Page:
The story was published July 17, 2014, on the website of St. Louis Public Radio. Articles and photos by Tim Lloyd. Click here to see original article.
Even though Barbra Pener teaches science and robotics, she likes to start the school year with a quick history lesson.
She points to a picture of the famous late 19th and early 20th-century scientist Marie Skłodowska-Curie that hangs on her classroom wall.
“Her husband Pierre is in the photo, and she’s holding the baby,” Pener said.
She then rattles off for her eighth-grade students Skłodowska-Curie’s list of accomplishments, including multiple Nobel Prizes and the discovery of two radioactive elements.
Pener doesn’t indicate who in the photo is responsible for the lofty achievements. She then asks her eighth-grade students at Nipher Middle School in Kirkwood to pick which person she’s talking about.
“And a majority of the kids, unless they had prior knowledge, pointed to her husband,” Pener said.
This is the kind of stereotype Pener wants to break down. And to pick up some extra training she joined more than 100 kindergarten through eighth-grade teachers from across Missouri and Illinois who will spend the next two weeks learning how they can better weave science and math education into their lesson plans.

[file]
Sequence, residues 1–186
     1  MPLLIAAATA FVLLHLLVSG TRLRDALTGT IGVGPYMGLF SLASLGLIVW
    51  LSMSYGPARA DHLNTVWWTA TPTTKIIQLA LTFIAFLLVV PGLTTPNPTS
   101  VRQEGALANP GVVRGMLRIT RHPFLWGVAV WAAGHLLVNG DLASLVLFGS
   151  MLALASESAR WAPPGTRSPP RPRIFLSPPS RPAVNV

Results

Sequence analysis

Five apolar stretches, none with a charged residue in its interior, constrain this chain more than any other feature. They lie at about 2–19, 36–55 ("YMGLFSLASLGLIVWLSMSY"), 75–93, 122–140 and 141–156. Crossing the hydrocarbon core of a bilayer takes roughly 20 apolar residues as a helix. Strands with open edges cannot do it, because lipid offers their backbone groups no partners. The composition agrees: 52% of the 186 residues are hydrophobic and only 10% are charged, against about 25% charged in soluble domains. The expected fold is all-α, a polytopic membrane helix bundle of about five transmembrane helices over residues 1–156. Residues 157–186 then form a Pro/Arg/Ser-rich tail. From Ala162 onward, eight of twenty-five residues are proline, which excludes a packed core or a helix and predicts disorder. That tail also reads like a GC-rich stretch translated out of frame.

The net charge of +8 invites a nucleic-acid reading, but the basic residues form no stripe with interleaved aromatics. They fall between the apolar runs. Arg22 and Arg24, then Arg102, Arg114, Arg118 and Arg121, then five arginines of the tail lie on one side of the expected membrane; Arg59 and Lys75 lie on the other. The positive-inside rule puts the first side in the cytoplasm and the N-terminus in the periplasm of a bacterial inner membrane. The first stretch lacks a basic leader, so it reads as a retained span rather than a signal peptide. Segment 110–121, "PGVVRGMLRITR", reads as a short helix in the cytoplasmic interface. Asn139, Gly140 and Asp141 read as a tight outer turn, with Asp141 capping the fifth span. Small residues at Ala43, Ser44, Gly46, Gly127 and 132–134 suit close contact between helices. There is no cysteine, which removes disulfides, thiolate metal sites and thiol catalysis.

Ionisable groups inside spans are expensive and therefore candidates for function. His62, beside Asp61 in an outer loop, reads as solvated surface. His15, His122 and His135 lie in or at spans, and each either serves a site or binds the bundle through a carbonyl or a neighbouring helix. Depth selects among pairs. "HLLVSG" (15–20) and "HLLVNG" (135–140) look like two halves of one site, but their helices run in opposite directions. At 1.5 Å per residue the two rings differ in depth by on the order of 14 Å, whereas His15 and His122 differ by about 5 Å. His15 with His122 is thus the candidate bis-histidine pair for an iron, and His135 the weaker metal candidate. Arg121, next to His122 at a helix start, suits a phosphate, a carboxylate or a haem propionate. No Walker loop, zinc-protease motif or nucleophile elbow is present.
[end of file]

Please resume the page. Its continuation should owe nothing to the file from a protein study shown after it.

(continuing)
The science, technology, engineering and mathematics Teacher Quality Initiative (STEM TQ) is entering its third year and has steadily attracted more and more teachers. This year, 106 teachers from Affton, East St. Louis, Ferguson-Florissant, Hazelwood, Pattonville, University City, and Kirkwood will get hands on training and take field trips to local companies to lean how they can better “STEM-itize” their lesson plans. The YMCA of St. Louis is also participating as an informal provider.
To read the article in its entirety visit the St. Louis Public Radio website.